The immunotoxicity of drug-loaded nanosystems remains a major roadblock that impedes their further clinical applications. Previous studies indicate that activation of the immune system is strongly associated with the hydrophobicity of nanoparticles [50, 51]. Traditional (co)polyester-based nanoparticles generally possess high hydrophobicity and fail to evade immunotoxicity, which could also partially cause the difficulty of clinical translation . We hypothesize that the present novel nanomedicines constructed from self-assembling small-molecule drugs should hold the potential to avoid immune response during systemic administration. To validate our hypothesis, a panel of inflammatory and pro-inflammatory cytokines (e.g., CCL-11, GM-CSF, IFN-γ, IL-10, IL-12 (p40), IL-12 (p70), IL-17A, IL-1α, IL-1β, and TNF-α) and T helper 1/2-related cytokines (e.g., IL-2, IL-6, IL-13 and TNF-α) in mouse serum were measured after IV injection of various drug formulations at a clinically relevant dosage. Thereafter, serum samples from the mice were collected, and cytokine levels were analyzed using a multiplex cytokine assay to evaluate acute or long-term immunotoxicity. Compared with the healthy mice, the serum levels of the cytokines in the CD NA-treated mice were in the normal range after 24 h, suggesting that CD NAs were able to circumvent acute immunotoxicity (Figure 7I). Moreover, no apparent difference in the cytokine levels was observed on day 8 or 21 after three successive injections. These results implied the long-term safety of CD NAs for the immune system.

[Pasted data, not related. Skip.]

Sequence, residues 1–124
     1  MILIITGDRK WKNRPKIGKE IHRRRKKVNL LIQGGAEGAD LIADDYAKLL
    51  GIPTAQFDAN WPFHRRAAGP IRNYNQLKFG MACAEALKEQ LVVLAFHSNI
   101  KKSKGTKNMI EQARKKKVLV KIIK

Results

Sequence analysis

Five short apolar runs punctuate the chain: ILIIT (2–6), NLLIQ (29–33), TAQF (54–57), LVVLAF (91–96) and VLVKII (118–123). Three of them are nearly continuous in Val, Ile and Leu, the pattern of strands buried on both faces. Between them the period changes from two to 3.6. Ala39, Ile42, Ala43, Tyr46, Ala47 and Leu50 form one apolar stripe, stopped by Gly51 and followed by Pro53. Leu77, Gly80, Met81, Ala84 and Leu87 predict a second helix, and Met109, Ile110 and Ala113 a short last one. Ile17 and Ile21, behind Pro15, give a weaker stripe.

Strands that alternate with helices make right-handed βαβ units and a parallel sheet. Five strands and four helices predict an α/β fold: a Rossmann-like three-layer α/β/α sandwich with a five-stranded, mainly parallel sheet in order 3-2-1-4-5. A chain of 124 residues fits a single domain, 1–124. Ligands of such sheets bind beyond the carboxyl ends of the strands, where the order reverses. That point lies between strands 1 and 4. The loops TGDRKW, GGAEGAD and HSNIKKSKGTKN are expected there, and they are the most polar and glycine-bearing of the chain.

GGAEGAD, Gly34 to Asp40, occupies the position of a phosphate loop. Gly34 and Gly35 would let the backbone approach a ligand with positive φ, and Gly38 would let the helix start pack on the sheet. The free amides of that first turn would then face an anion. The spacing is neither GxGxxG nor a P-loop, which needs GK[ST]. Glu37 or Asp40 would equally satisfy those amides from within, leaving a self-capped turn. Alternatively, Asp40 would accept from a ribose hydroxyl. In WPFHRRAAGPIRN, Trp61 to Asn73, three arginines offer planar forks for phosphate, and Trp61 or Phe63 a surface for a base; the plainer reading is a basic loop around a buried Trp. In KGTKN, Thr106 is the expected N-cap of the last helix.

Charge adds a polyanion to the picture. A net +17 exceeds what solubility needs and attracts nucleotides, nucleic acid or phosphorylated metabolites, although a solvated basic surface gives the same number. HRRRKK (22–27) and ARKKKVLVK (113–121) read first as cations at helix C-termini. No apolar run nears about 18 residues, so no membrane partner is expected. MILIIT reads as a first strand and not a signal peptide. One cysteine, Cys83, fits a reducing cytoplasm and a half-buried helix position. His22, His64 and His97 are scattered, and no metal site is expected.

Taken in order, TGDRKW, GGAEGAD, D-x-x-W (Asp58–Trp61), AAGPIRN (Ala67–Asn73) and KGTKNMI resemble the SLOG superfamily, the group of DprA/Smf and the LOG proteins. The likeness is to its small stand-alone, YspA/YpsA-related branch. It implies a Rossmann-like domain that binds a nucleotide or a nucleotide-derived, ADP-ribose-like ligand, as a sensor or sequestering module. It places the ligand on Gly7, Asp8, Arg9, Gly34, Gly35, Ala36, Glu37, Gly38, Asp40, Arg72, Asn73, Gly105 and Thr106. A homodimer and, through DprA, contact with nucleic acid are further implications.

In conclusion, we have presented a proof-of-principle demonstration of a new generation of nanomedicines constructed from a self-assembling pure drug cocktail composed of the cytotoxic drug CTX and the molecular inhibitor DAS. CD NAs can be fabricated via a simple self-assembly process with quantitative entrapment efficiency, 100% drug loading, tunable ratios of the drug cocktail, markedly enhanced drug solubility, potent antitumor efficiency, and improved safety profiles in vivo. Furthermore, the AIE property ascribed from DAS molecules could be exploited for particle trafficking and drug release analysis in living cells. We anticipate that with further screening of molecular inhibitors, other drug combinations could be accessible using these pure drugs self-assembly approach. Overall, our approach might address the design and scalability challenges posed by the combinatorial delivery of multiple drugs with distinct modes of action. Given the intrinsic advantage of CTX in circumventing drug resistance and its therapeutic synergy in combination with DAS, we aim to initiate early-phase clinical trials to assess the safety and efficacy of this robust nanomedicine in patients with taxane-resistant cancer.